The UK’s first vegan cheesemonger has certainly started with a bang, stirring discord among the traditional dairy industry. Dairy UK, which represents farmer-owned co-ops and private companies, wrote to the shop owners, sisters Charlotte and Rachel Stevens, asking them to remove any reference to cheese from their website and signage. The industry body said it contravened EU rules that protect dairy terms and claimed that the describing their plant-based wares as cheese was misleading to consumers.
But Dairy UK’s challenge to the plant-based cheesemonger may have been counterproductive, with a slew of national media coverage bringing the store to prominence. Since openin gLa Fauxmagerie two weeks ago in Brixton the sisters have completely sold out, with 70% of people looking for a cheddar, blue or camembert, reported The Guardian. However, a survey from YouGov showed that Dairy UK may have general public support, with a majority of Brits (59%) saying it was is not okay to describe the plant-based variety as cheese, although a quarter of those polled had no problem with it.
Rachel, who used to work for Marks & Spencer, told The Times it was clear that their name was a pun and the business was selling dairy-free products – with the sisters wanting to make the best dairy-free cheese brands accessible in one place. “We are not misleading and the claim that we are discredits the consumers and underestimates the intelligence of our customers. It all seems a little unnecessary,” she said.“People are generally aware that plant-based means non-dairy. Peanut butter doesn’t include butter and when people ask for a soy latte at Costa, they ask for soya milk — not blended soya beans.”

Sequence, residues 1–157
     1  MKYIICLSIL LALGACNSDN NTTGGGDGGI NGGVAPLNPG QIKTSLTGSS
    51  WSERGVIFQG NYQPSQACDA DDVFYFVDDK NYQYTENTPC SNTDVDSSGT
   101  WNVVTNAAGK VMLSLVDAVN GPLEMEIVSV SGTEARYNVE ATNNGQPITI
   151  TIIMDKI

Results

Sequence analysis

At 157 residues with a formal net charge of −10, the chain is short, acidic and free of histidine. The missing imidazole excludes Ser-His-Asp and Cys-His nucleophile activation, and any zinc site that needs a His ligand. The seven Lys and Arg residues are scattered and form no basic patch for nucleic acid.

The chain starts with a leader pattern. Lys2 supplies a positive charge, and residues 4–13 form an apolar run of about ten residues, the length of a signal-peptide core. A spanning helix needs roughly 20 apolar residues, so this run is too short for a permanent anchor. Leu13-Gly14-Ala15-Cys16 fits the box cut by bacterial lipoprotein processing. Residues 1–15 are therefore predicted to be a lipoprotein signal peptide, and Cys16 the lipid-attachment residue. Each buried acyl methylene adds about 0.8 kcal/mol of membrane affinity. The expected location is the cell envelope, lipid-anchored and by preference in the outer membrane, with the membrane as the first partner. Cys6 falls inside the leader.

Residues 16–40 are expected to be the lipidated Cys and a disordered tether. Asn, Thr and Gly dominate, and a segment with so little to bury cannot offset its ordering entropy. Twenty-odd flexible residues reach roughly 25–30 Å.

While the Stevens sisters certainly want to encourage more consumers to consider going plant-based, Charlotte actually has a severe lactose intolerance, while Rachel only went fully vegan in January. Their aims is to tackle the poor image that most vegan cheese currently suffers from as badly textured, poor tasting and almost synthetic, particularly as it is seen as one of the biggest barriers to people fully embracing plant-based eating. Mintel reports that one in six consumers are interested in dairy-free cheese, while new vegan cheese products doubled in the first eight months of last year.
La Fauxmagerie’s products are mostly sourced from small suppliers, with ingredients like soy, brown rice, cashew nuts, almonds, coconut oil and nutritional yeast.
Food Spark takes a look at some of the vegan cheese brands in their stable.
Started from a small flat in Angel in 2017 with cheese sold at local markets, this company now has its own commercial kitchen in East London. It makes nine varieties of dairy-free cheese, including a spirulina blue especially for La Fauxmagerie.
Other products include a feta-inspired cheese with a salty made with ingredient like almonds, agar and pink and black peppercorns, which is marinated in oil with garlic and herbs, along with a nacho dip with a cashew-base and additions such as apple cider vinegar, nutritional yeast, smoked paprika, chilli powder, mustard powder and turmeric.